I haven't really used imaginary numbers much. I know what they mean, and its quite poetic. Half-negativity is how I think of them. The square root of negative one. For me, the numbers one and zero have symbolic meaning.

The 1 is the I and the i. The first "I" is the personal pronoun, the transcendental ego. The second eye is the square root of negative one. An "imaginary" numerical transcendence of the positive-negative dichotomy. The 1 is also, for me, a minus-sign on its side. This ties into Kojeve and Hegel for whom Man is Negativity. The 1 is also a phallus, for similar reasons.

Man is negativity because as he lives in the Spatial Present, he fantasizes about the future based on knowledge from the past, and ACTS on the spatial present to negate its current shape. Were it not for man's accumulation of concepts, time would not be meaningful. So as far as meaningful time is concerned, Man is Time. His mind is how the past and the projected future cut into Space, or the present.

For me, the zero equals Space, woman, presence, closure.

I'm presenting it to you as a salad, but it's distinct in my mind. There's a strictly philosophical aspect to it and also a poetic-numinous aspect. There's two dimensions for you! Excuse the long post but this Kojeve book continues to blow my mind. And he hooks up with older thoughts and myths in my skull.

A tossed salad at that. Kojeve must really be a mind****. It censored ****? Oh come **! I think it may be brok**. All I said was mind****!.... ****!

Reconstructo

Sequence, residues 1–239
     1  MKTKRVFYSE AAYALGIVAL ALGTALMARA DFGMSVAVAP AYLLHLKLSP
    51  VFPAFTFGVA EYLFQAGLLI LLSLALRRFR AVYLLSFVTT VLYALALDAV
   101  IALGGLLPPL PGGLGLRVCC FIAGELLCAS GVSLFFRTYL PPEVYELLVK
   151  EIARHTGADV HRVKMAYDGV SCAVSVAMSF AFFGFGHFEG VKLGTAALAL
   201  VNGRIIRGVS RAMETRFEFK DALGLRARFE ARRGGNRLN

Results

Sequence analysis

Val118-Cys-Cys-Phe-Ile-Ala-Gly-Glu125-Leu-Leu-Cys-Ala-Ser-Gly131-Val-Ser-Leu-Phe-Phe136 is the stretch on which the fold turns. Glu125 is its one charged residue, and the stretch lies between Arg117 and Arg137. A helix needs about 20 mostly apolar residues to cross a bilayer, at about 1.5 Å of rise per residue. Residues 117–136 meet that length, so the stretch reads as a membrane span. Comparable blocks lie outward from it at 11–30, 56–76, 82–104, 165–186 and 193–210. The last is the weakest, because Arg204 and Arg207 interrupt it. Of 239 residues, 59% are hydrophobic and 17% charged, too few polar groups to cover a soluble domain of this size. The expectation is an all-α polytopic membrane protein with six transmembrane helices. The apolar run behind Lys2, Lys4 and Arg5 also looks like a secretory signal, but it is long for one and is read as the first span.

Wed 24 Feb, 2010 05:17 pm
@Scottydamion,
Scottydamion;131962 wrote:
A tossed salad at that. Kojeve must really be a mind****. It censored ****? Oh come **! I think it may be brok**. All I said was mind****!.... ****!

Kojeve is very tight on the logic. From him I get the strictly philosophical element. The rest is an application of Jung, Joyce, and Onanismo.

What's interesting about the mind-truck offered by Kojeve is just how integrated and rational it is. And yet how unexpected! But all he claims to be doing is explaining Hegel. So it's really Hegel who's the mind-truck. But Kojeve knows why Hegel matters, and focuses on that. He convincingly points out Hegel's errors. If you like Kant, Hegel is the next step up the widening spiral staircase. Never believe the haters. He's a tough nut to crack. Think of the fox and the grapes.
Quote:

ONE hot summer's day a Fox was strolling through an orchard till he came to a bunch of Grapes just ripening on a vine which had been trained over a lofty branch. "Just the things to quench my thirst," quoth he. Drawing back a few paces, he took a run and a jump, and just missed the bunch. Turning round again with a One, Two, Three, he jumped up, but with no greater success. Again and again he tried after the tempting morsel, but at last had to give it up, and walked away with his nose in the air, saying: "I am sure they are sour."
"IT IS EASY TO DESPISE WHAT YOU CANNOT GET."